Announcing Big Astronomy - People, Places, Discoveries!
Did you know that it takes a huge team of people, working many different jobs, in order to make Big Astronomy possible? One of our newest outreach materials is this cloth banner that highlights a few of these amazing folks!

The Night Sky Network is proud to announce the release of our latest Outreach ToolKit: Big Astronomy!

The Big Astronomy Outreach Toolkit was created in tandem with the production and release of the NSF-funded Big Astronomy planetarium show. The online premiere of the live 360 virtual show will take viewers to Chile, where 70% of the world's largest telescopes sit atop desert incredible mountains. Find out what it takes to run these observatories and how they bring us the wonders of the universe by watching the premiere on the Big Astronomy YouTube channel on September 26, 2020! See the full schedule here.

You can find the Big Astronomy Toolkit manual and select downloadable activities on this dedicated resource page. Activities in this toolkit include an umbrella that doubles as a galaxy model, light pollution activities that include light shielding demonstrations and a dark sky measurement wheel, star stories from around the world, a light spectrum investigation, the utility of light filters, and a cloth banner showcasing some of the people and professions that make possible the science from these massive telescopes.

photo of telescope domes under moonlight
Big Astronomy suffers from many of the same problems that amateur astronomers share. For example, notice how the domes in this nighttime shot are mostly shut! Why is that? This gorgeous image was taken by Moonlight! Even on the Atacama plateau, one can't escape light  from a full Moon!

The Big Astronomy project was conceived as a way to highlight the massive teams of organizations and people needed to make successful discoveries on the scale demanded by the massive telescopic installations on top of the arid mountains of Chile, which is the focus of this show and toolkit. A lone astronomer peering through the eyepiece of a large telescope may be the image many have of astronomical discovery, but the modern day reality is vastly different!

Modern observatories need to be constructed on a giant scale, in distant and inhospitable environments that minimize light pollution, changing weather, and the obscuring effects of turbulent air. The high desert mountains of Chile possess some of the best conditions in the world to help make Big Astronomy happen - so much so that 70% of the world's largest installations are found there. However, the challenges of installing such massive engineering works in the Atacama mean that international cooperation with teams of thousands of scientists, engineers, and skilled workers are  needed to ensure their success. From designing and creating massive mirrors and instruments, and buildings to house them, to transporting equipment safely across thousands of miles, to making sure everyone is fed and comfortable, to ensuring the data gathered by these massive telescopes can be securely processed and accessed by scientists around the world, people of all backgrounds work hard to make these unparalleled astronomical discoveries possible.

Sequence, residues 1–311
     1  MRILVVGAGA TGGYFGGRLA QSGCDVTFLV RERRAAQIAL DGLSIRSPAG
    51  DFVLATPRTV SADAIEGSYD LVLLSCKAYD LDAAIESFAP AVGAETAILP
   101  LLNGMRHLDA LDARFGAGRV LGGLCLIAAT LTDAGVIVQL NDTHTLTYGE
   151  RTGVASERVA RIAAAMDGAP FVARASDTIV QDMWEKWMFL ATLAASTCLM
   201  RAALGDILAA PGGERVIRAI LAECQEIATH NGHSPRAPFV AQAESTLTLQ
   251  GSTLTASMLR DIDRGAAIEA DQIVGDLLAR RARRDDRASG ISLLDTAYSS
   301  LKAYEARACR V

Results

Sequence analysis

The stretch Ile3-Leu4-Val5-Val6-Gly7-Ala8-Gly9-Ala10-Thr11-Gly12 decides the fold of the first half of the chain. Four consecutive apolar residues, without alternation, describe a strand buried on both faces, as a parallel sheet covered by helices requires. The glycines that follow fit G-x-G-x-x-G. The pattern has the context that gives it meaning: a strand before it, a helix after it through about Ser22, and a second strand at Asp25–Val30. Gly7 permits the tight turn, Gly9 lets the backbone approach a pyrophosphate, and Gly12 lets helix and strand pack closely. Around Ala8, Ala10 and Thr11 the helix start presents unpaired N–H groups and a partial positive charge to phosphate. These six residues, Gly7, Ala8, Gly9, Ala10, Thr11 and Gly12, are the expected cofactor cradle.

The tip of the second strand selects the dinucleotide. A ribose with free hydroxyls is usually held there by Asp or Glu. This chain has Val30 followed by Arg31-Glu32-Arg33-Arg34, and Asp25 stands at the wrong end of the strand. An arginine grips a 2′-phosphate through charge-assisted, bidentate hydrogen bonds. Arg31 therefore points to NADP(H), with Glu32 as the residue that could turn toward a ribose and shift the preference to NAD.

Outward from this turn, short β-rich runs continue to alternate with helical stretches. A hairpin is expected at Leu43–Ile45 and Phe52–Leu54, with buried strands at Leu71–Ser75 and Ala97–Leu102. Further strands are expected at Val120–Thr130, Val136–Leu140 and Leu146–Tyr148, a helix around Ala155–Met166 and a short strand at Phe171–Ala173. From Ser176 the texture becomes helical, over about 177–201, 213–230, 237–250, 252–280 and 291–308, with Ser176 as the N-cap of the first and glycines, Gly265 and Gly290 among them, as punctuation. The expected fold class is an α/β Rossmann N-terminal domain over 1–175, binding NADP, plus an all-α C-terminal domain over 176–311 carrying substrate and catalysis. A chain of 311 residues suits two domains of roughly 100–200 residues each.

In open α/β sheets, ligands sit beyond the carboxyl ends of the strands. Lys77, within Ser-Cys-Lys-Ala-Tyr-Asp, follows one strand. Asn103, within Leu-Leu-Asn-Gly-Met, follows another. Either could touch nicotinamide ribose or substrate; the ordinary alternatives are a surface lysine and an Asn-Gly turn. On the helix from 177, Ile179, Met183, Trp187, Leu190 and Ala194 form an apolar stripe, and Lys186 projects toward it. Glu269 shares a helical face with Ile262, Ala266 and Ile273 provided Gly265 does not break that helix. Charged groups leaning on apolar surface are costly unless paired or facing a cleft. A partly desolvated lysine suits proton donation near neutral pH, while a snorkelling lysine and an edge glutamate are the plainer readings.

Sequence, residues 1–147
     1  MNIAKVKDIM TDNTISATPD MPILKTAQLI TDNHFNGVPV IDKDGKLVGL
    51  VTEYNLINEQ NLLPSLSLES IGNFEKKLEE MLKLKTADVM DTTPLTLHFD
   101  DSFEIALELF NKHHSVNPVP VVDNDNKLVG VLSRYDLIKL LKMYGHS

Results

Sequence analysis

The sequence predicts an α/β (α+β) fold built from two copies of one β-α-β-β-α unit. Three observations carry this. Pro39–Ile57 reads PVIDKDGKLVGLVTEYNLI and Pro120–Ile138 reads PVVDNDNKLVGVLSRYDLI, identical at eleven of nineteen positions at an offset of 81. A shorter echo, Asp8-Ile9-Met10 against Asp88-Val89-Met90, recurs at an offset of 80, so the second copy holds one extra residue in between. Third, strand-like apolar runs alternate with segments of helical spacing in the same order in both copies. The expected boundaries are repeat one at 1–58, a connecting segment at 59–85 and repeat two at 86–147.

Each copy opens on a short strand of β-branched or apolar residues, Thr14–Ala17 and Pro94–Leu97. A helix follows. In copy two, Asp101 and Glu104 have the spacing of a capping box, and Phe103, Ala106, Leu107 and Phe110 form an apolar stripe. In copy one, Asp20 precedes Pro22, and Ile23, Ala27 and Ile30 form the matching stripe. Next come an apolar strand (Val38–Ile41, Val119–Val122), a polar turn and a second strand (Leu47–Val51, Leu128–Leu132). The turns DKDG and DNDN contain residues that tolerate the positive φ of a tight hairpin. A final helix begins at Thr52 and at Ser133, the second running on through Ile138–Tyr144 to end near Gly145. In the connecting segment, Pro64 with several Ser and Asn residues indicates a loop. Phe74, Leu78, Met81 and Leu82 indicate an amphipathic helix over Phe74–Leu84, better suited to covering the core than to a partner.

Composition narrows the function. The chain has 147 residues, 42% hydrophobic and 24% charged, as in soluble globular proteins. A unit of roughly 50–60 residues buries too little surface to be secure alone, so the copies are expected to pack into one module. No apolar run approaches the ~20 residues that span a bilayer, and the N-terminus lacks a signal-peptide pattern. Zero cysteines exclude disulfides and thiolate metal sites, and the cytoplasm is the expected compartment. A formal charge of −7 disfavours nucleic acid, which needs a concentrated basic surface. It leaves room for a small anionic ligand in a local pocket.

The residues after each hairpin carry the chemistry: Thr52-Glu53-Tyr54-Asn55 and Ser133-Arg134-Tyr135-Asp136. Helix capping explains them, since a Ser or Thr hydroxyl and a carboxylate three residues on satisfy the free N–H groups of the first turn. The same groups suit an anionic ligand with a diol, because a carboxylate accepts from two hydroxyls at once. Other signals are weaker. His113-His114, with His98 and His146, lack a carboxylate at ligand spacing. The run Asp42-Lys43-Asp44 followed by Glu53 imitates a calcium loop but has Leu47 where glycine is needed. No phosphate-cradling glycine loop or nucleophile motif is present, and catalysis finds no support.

Find out more on the official Big Astronomy website at bigastronomy.org, and check out the toolkit activities too! Details on the availability of the Big Astronomy toolkit can be found in the latest member newsletter, so check your email if you have not received notice, or the archived newsletter found here (NSN login required)..Materials will begin shipping to qualified member clubs in mid-September! We look forward to bringing the inspiring story of the workers and science behind Big Astronomy to everyone!

 
Last Updated: September 16, 2020

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Logo for Night Sky Network featuring child and astronomer observing the skyNight Sky Network (NSN) member clubs are dedicated to bringing the wonders of space and NASA science to folks across the USA.NSN program participation provides clubs with tools and resources to assist in their public outreach. 


 
 
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The NASA Night Sky Network is managed by the Astronomical Society of the Pacific. The ASP is a 501c3 non-profit organization advancing science literacy through astronomy.